Like all great ideas, Kacey Ortoski's notion started in her head.
Well, with a pencil in her hair, to be precise.
As a teacher, Ortoski would put her hair up throughout the day, using a pencil to hold it in place. Her students thought it was funny, she said, but the pencil served its purpose.
Still she wanted something stronger, a bit more decorative. So she set out to find hair sticks that fit her vision. And when she didn't find them, she decided to develop them herself, creating a stronger stick with a better shape than what was already on the market.
"People liked them," the 25-year-old Wesley Chapel resident said. So she began selling them at craft shows. Her first show was in February of 2011.
She made a batch of hair sticks 24 hours before the show and "prayed they would be dry in time."
Her work paid off. And her business, A Whirl and a Twirl, was born.
"It was crazy," she said. In the course of two days, she made $800, which she invested back into the business. Ortoski began doing shows every weekend, keeping up her teaching job in the process.
She spent several months without a day off, but it was a sacrifice she was willing to make.
"It was a fly by the seat of my pants kind of thing," she said. "I had to do that to see if my business would work."
And then she had her "Aha" moment.
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People liked the products, which are decorated with genuine gemstones, crystals and pearls, but many remarked that they couldn't wear hair sticks.
That's when Ortoski said she got the idea for her line of headbands, which "have really boosted the business."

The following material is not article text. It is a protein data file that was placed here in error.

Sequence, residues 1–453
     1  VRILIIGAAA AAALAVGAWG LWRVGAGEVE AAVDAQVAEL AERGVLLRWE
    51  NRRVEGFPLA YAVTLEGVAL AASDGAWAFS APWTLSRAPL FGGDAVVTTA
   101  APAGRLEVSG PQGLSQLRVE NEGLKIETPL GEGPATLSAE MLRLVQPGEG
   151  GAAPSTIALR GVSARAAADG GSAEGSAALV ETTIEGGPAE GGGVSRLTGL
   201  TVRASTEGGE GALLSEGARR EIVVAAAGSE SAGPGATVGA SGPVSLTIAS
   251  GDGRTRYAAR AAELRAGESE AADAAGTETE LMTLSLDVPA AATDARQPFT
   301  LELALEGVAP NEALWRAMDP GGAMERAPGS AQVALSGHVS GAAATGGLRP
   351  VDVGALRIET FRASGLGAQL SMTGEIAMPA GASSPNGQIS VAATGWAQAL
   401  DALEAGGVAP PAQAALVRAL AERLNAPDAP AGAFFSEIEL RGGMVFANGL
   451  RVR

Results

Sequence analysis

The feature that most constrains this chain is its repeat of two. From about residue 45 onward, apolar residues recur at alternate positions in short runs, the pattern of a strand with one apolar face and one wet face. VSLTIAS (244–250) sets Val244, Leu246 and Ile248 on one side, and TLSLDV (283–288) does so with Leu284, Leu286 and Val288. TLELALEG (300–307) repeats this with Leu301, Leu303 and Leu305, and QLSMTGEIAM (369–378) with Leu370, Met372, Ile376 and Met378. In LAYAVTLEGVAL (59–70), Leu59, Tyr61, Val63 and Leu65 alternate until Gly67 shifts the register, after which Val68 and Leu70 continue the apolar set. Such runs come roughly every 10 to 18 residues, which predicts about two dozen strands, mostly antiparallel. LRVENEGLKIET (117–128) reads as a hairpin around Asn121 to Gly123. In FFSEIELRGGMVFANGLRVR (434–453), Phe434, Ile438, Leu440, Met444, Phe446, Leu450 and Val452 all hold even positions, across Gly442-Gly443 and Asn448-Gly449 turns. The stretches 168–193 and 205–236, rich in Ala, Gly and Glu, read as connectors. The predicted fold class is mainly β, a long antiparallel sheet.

Through "trial and error," Ortoski developed a headband that was unlike most found in stores. The flexible composite steel bands are a different shape that come lower behind the ear to fit the head better to eliminate the headaches many experience from other types, she said.
The handmade headbands were so well-received, Ortoski gave up her teaching job to focus on the business.
"It was such a risk to take," she said. "But if you work hard, it will work out."
Now, the bejeweled hairpieces keep her traveling across the Bay area—and the country—decking the tresses of girls and women everywhere.
She hasn't made it to the Temple Terrace Community Arts Festival yet, but she said she's thinking about it.
"It's a great market," she said.
Her friends think she's crazy because she's all over the map—literally—all the time. But it's been worth it.
The young entrepreneur will be hiring employees soon, she said. And she also will be making a move to New Port Richey in the next few weeks, because the business has outgrown her current home.
Ortoski and her husband, Andrew, found a home in Longleaf, a community "which really fosters entrepreneurship," she said.
Ortoski plans to continue working out of her home for the next few years, but has her sights set on an eventual move to a studio or warehouse as her product line, which includes custom work, continues to expand.
In addition to her show sales, Ortoski's products also are available online.
"It's getting way bigger than I ever thought it would be," Ortoski said.
Want to check out her products in person? Ortoski will be at the CraftArt Festival in downtown St. Petersburg (Central Avenue and 5th Street), from 10 a.m. to 5 p.m. on Nov. 17 and 18.
A Whirl and a Twirl also will have a booth at the upcoming GFWC Lutz- Land O' Lakes Woman's Club's Arts & Crafts Festival on Dec. 1 and 2 at Lake Park in Lutz.